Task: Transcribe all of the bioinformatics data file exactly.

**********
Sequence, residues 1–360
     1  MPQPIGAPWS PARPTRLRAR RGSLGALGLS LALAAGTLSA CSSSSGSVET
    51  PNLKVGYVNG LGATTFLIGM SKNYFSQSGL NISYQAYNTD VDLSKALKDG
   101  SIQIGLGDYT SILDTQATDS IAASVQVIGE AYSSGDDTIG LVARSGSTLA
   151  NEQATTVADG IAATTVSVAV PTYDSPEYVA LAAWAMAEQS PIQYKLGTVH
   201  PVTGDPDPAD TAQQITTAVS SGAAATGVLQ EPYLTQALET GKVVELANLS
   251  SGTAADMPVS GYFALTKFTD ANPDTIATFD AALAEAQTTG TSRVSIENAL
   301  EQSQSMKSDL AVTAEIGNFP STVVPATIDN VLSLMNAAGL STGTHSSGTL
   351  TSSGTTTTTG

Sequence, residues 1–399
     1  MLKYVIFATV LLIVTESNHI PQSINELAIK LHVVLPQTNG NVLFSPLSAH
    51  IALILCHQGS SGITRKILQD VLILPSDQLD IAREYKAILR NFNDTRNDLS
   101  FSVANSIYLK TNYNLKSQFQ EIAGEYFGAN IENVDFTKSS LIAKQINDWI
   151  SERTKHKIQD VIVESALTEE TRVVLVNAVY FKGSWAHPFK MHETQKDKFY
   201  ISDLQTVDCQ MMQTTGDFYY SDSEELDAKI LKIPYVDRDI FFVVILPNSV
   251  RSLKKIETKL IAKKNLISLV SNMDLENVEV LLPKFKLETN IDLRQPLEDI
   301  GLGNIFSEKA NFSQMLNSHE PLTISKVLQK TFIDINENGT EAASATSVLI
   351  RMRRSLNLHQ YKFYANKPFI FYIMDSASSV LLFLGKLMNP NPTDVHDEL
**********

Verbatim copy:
Sequence, residues 1–360
     1  MPQPIGAPWS PARPTRLRAR RGSLGALGLS LALAAGTLSA CSSSSGSVET
    51  PNLKVGYVNG LGATTFLIGM SKNYFSQSGL NISYQAYNTD VDLSKALKDG
   101  SIQIGLGDYT SILDTQATDS IAASVQVIGE AYSSGDDTIG LVARSGSTLA
   151  NEQATTVADG IAATTVSVAV PTYDSPEYVA LAAWAMAEQS PIQYKLGTVH
   201  PVTGDPDPAD TAQQITTAVS SGAAATGVLQ EPYLTQALET GKVVELANLS
   251  SGTAADMPVS GYFALTKFTD ANPDTIATFD AALAEAQTTG TSRVSIENAL
   301  EQSQSMKSDL AVTAEIGNFP STVVPATIDN VLSLMNAAGL STGTHSSGTL
   351  TSSGTTTTTG

Sequence, residues 1–399
     1  MLKYVIFATV LLIVTESNHI PQSINELAIK LHVVLPQTNG NVLFSPLSAH
    51  IALILCHQGS SGITRKILQD VLILPSDQLD IAREYKAILR NFNDTRNDLS
   101  FSVANSIYLK TNYNLKSQFQ EIAGEYFGAN IENVDFTKSS LIAKQINDWI
   151  SERTKHKIQD VIVESALTEE TRVVLVNAVY FKGSWAHPFK MHETQKDKFY
   201  ISDLQTVDCQ MMQTTGDFYY SDSEELDAKI LKIPYVDRDI FFVVILPNSV
   251  RSLKKIETKL IAKKNLISLV SNMDLENVEV LLPKFKLETN IDLRQPLEDI
   301  GLGNIFSEKA NFSQMLNSHE PLTISKVLQK TFIDINENGT EAASATSVLI
   351  RMRRSLNLHQ YKFYANKPFI FYIMDSASSV LLFLGKLMNP NPTDVHDEL